Wednesday, February 8th, 2023
Wednesday, February 8th, 2023

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Late-summer secret

By Richard Tate
Contributing Writer

Over the years, fly-fishermen have come to realize that fly-fishing for trout during the late summer can be productive. There are numerous reasons for this.

The main one is that mid-summer’s high water temperatures often are not conducive for good trout fishing. The trout become torpid in the warm water of the season. 

However, when the water temperatures of late summer sink into the low 60s or even the 50s, the trout become more active, since these temperatures are metabolically appropriate for trout.

Trout that have stacked up in cold-water refuges begin to spread out in the cooler streams. 

A couple of fly-shops in northcentral Pennsylvania actively discourage trout fishermen from fishing during the hot weather when water temperatures actually threaten the very lives of the trout; but with the advent of late summer and cooler water, these shops encourage fly-fishermen to again hit the water.

Fly-fishermen who have been confined to streams containing cold water or who may even have fished for bass during the hot weather gradually return to their favorite waters.  

Some of these fly-fishermen become discouraged that the flies and the tactics they used earlier in the season are not as effective in late summer as they were earlier.  They become upset when their favorite nymphs or streamers do not produce the numbers of trout that they hope to catch.

 These fly-fishermen have not discovered the “big secret” that successful late-summer fly-fishermen have discovered.

Although late-summer fly-fishermen continue to use their favorite nymphs to catch trout, they often choose a different path to catch trout.  They have learned the secret that dry flies are the ticket for latching on to late-summer trout.

As a fly-fisherman who prefers dry-fly fishing over other methods of fly-fishing, I often choose times to fish that are favorable for dry-fly fishing.  In late-summer and into the autumn, these adventures are often afternoon affairs when cool water temperatures rise a few degrees and stimulate trout-feeding activity.  

For instance, last Aug. 20 began with a cool morning.  The temperature rose to 75 degrees by midafternoon, and I hit the creek from 1 to 3:30 p.m. as the water temperature gradually rose to 64 degrees by the time I ended my outing.

 My fishing journal reads, “The action this afternoon was not fast and furious. But, using a size 14 Adams dry fly, it was steady. Fishing a wooded section of the creek, I picked up more than 15 wild brown trout between 8 and 15 inches.  In the low, clear water, I was happy with the results of this outing.”

Many fly-fishermen know that freestone streams are often at their lowest flows during late summer.  However, a significant rain can change that and can raise the water enough that the trout become approachable.  

Again, my fishing journal from last year reveals that a dry-fly fisherman can enjoy a fine outing under these conditions.  It reads, “The remains of Hurricane Laura dumped 1.2 inches of rain locally yesterday/last night. The local streams were out of sorts, so I drove to a mountain run 25 miles away.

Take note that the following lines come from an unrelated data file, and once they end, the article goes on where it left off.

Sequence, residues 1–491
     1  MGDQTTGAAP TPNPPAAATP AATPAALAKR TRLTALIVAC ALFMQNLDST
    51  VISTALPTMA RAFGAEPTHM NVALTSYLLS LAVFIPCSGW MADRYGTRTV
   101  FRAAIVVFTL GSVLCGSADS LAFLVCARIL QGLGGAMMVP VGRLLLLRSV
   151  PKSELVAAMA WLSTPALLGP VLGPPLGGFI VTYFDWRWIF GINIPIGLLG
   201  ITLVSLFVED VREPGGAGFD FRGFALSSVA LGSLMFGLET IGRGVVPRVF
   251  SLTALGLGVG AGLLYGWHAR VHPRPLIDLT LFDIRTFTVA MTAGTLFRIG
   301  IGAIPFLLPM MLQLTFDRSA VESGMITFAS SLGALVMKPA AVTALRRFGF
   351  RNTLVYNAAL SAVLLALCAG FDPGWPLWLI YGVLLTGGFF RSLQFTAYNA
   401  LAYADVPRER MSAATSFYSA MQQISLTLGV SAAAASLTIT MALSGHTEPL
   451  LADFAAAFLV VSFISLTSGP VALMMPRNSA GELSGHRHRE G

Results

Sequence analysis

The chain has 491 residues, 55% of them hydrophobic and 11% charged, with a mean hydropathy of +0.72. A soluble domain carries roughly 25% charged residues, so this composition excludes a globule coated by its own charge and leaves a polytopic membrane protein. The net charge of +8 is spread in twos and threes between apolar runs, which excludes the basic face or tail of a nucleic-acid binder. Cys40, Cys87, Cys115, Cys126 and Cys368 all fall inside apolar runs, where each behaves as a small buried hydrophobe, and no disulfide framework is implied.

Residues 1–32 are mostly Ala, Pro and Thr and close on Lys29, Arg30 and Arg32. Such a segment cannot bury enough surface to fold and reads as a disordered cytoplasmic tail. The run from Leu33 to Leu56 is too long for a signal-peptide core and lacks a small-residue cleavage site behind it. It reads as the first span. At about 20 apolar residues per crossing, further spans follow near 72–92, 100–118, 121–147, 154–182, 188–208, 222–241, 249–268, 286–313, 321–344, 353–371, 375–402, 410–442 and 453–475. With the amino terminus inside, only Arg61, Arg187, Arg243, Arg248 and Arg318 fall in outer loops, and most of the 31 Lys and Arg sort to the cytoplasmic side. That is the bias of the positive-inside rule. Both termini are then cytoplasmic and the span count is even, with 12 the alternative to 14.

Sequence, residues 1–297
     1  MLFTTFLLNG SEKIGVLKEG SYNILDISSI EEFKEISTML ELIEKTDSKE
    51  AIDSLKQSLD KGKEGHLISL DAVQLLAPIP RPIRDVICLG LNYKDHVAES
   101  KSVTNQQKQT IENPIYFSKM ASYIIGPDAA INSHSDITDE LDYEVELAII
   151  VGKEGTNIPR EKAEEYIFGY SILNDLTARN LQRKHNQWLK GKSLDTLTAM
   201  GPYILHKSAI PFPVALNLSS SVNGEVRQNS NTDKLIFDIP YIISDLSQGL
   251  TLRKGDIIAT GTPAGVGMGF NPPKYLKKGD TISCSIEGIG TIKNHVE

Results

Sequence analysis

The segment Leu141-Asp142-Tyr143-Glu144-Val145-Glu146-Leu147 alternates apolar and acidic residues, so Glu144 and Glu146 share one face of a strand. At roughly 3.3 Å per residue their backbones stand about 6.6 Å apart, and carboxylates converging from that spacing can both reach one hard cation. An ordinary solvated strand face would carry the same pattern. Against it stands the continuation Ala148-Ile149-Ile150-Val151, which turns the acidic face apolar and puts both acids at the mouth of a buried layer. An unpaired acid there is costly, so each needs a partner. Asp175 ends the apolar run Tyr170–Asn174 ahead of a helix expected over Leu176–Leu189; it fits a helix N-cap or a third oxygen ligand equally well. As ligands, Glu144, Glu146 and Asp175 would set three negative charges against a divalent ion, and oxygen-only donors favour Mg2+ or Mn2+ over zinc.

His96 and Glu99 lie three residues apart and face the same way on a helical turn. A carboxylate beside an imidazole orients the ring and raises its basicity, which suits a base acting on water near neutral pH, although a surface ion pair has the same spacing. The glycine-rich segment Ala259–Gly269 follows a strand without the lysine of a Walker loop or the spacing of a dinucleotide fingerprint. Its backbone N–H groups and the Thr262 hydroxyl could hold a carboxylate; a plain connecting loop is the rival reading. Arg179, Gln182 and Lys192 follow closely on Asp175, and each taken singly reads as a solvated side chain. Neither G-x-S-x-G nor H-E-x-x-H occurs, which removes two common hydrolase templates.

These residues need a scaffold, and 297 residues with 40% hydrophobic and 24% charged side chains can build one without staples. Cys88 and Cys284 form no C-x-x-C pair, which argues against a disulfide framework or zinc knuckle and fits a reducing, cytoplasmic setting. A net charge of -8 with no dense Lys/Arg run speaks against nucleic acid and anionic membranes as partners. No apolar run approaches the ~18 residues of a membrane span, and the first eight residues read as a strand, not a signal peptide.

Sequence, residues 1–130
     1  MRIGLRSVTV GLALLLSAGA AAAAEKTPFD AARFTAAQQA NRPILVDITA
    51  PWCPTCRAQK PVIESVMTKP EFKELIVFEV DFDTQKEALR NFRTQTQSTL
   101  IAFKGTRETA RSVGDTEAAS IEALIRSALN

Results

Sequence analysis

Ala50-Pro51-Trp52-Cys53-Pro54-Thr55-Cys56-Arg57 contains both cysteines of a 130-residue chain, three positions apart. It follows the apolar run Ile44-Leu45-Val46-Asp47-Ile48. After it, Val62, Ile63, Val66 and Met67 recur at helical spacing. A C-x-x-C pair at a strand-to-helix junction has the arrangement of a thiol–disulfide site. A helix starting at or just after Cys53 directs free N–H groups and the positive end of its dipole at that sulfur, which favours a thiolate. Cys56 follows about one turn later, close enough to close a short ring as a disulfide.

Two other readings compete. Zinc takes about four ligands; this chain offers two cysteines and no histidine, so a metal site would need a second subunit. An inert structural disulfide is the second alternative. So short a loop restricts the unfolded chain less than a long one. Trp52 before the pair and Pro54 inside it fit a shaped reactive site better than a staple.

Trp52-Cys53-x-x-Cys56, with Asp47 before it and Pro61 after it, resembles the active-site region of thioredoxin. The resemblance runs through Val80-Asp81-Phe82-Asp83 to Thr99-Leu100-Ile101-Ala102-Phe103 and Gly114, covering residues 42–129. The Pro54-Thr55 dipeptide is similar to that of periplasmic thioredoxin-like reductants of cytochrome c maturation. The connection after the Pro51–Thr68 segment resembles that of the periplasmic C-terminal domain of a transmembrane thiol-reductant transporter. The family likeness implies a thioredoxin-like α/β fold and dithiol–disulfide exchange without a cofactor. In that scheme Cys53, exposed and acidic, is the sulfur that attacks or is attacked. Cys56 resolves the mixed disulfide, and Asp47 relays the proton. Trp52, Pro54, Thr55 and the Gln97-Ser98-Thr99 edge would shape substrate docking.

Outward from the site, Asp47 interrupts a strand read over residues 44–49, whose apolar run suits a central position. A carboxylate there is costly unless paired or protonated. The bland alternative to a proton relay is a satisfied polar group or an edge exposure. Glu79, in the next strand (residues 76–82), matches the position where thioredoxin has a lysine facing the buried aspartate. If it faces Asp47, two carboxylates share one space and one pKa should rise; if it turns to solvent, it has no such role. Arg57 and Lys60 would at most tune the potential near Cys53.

“Though it was not flowing at springtime levels, it had risen from its summer low point and was fishable with a dry fly. I knotted on a size 14 Wright Caddis and fished from 11:15 a.m. until nearly 2 p.m. when the humidity along with a high afternoon temperature of nearly 80 degrees finally got to me.  

“Even so, I enjoyed a productive outing, catching and releasing nearly 20 wild brown and native brook trout. A 9-inch brookie was the biggest native I landed, and a 15-inch brown was a nice surprise from this little mountain run.  It was a satisfying adventure.”

From these journal entries, you might figure that dry-fly fishing in late summer and into autumn is something that is useful on small streams, that you need to resort to nymphs or streamers on larger waters.

And I often use nymphs for late-summer fishing on larger streams. However, I learned a long time ago that fishing dry flies “to the water” can be the ticket to fast action on bigger streams as well.

When I was much younger than I am now, the union I belonged to called a strike beginning in late August. I was devastated, but I dutifully carried a picket sign for the duration of the strike.  

After finishing my picketing each morning, I drove along a famous central Pennsylvania trout river on my way home.  Of course, I chose to fish there numerous times. 

One afternoon on a whim, I clinched on a size 14 Double-Wing dry fly that I was experimenting with at the time and fished a nice section of river.  The action was good, and I continued to use the Double-Wing on subsequent outings on the river on my trips home. 

During the three weeks of the strike, I landed a lot of fine trout up to 16 inches from the river, which did not then have no-kill regulations established on it. Over the years, the Double-Wing has become a reliable late-summer dry fly for probing large streams.

Another late-summer dry-fly-fishing situation you may encounter involves finding fish softly rising to flies that are not readily apparent.  When I encounter such fish, I often tie on size 16 Black Ant or size 16 Foam Beetle patterns.  

Many times the trout will eat these. If these do not work, a size 18 Griffith’s Gnat will often fool these smutting trout.

It seems to be a big secret that using dry flies is one of the most effective fly-fishing methods for fooling late-summer trout. If you are an enthusiastic fly-fisherman, you just might want to knot on a favorite dry fly and get in on some exciting late-summer action.

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